Fall means that cold and flu season is right around the corner. In an attempt to manage symptoms, most of us take medications that are either purchased over the counter or prescribed by a doctor. What few realize is that these relatively mild and completely legal drugs can have a major impact on your driving ability, making car accidents and serious personal injuries more likely to occur. That being said, cold and flu medicines actually do increase car accident risks.
Medications and Impaired Driving
Impaired driving is a leading cause of car accidents and injuries. While most drivers are aware of the dangers of drinking and driving, many are unaware that the cold and flu medications they are taking could increase car accident risks as well. Particularly during allergy, cold, and flu seasons, the National Institute on Drug Abuse warns that medicines such as decongestants, antihistamines, cough suppressants, and pain relievers can all cause the following impacts:
Drowsiness and dizziness
Watery eyes and difficulty keeping your eyes open
Impaired judgment, making you more likely to take risks or engage in reckless driving behaviors
Decreased coordination, making it harder to manage steering, braking, and other driving skills
Decreased reactions times, making you less likely to respond appropriately to sudden changes in road, weather, or traffic conditions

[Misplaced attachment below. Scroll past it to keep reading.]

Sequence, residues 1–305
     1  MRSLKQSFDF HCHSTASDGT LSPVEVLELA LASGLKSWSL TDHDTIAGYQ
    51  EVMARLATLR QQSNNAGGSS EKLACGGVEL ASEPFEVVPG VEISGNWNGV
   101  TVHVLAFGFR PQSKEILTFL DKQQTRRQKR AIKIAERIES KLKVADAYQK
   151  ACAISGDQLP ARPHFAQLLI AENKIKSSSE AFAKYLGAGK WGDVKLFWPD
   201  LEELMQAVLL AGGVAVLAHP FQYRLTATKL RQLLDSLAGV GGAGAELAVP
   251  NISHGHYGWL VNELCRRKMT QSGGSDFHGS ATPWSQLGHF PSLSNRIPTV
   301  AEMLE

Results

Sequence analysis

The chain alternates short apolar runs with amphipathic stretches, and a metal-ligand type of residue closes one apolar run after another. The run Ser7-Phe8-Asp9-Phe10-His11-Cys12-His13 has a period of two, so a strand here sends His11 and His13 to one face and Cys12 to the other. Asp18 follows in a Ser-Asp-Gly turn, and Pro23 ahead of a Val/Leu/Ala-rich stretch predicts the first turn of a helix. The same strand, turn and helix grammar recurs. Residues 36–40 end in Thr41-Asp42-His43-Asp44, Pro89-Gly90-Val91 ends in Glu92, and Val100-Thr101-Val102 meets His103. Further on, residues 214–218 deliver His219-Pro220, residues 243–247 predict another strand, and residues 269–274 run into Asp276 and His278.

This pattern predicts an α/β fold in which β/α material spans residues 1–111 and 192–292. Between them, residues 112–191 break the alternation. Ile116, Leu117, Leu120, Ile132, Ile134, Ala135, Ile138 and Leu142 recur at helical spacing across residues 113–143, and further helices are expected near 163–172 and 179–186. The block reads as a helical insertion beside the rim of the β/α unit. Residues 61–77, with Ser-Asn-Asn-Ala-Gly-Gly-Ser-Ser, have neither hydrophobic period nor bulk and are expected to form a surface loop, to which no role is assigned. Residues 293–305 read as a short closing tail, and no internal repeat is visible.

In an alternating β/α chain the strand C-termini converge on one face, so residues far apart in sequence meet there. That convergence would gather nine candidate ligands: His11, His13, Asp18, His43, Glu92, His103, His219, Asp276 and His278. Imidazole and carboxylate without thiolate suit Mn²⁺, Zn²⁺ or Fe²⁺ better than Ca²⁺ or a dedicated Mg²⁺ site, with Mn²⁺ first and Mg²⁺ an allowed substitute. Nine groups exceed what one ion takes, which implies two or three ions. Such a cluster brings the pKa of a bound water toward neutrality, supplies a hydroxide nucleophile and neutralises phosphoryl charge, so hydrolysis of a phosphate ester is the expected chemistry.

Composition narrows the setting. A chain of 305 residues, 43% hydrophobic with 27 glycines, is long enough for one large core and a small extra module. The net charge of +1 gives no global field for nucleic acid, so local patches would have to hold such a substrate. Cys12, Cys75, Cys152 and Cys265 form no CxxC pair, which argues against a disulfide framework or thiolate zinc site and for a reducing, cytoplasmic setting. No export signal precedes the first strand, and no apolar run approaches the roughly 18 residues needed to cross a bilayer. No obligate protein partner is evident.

In addition to being dangerous, driving under the influence of cold and flu medicines could also put you on the wrong side of the law. Under Section 56-5-2930 of the South Carolina Code, driving while impaired by alcohol or any substance is illegal. Using over the counter or prescription medications while driving could leave you liable for any crashes or collisions that do occur, and could result in DUI charges.
Risk Factors When Taking Medications And Driving
Even otherwise mild medications can have dramatic impacts on your driving abilities, particularly if you are not feeling well to begin with. Factors that can amplify their effects and increase your car accident risks include:
Not getting enough sleep due to a cold or flu
Excessive tiredness and other cold and flu symptoms, which amplify the effects of medications
Taking cold and flu medicines on an empty stomach, which could increase their impact
Failing to factor in interactions of cold and flu medicines with other drugs you may be taking
The American Automobile Association (AAA) warns that older adults are among those most at risk for dangerous drug interactions and side effects. On average, people over the age of 65 routinely take up to five medications daily. Before adding even a mild decongestant or pain reliever, consult with your doctor first.
Contact Us Today
Even a minor car accident can leave you suffering serious injuries. At the Surasky Law Firm, LLC, we uncover the underlying causes of crashes and collisions, so that victims can get the compensation they need to recover. To find out how we can help protect your rights in a car accident injury claim, contact our Aiken car accident attorney to request a consultation.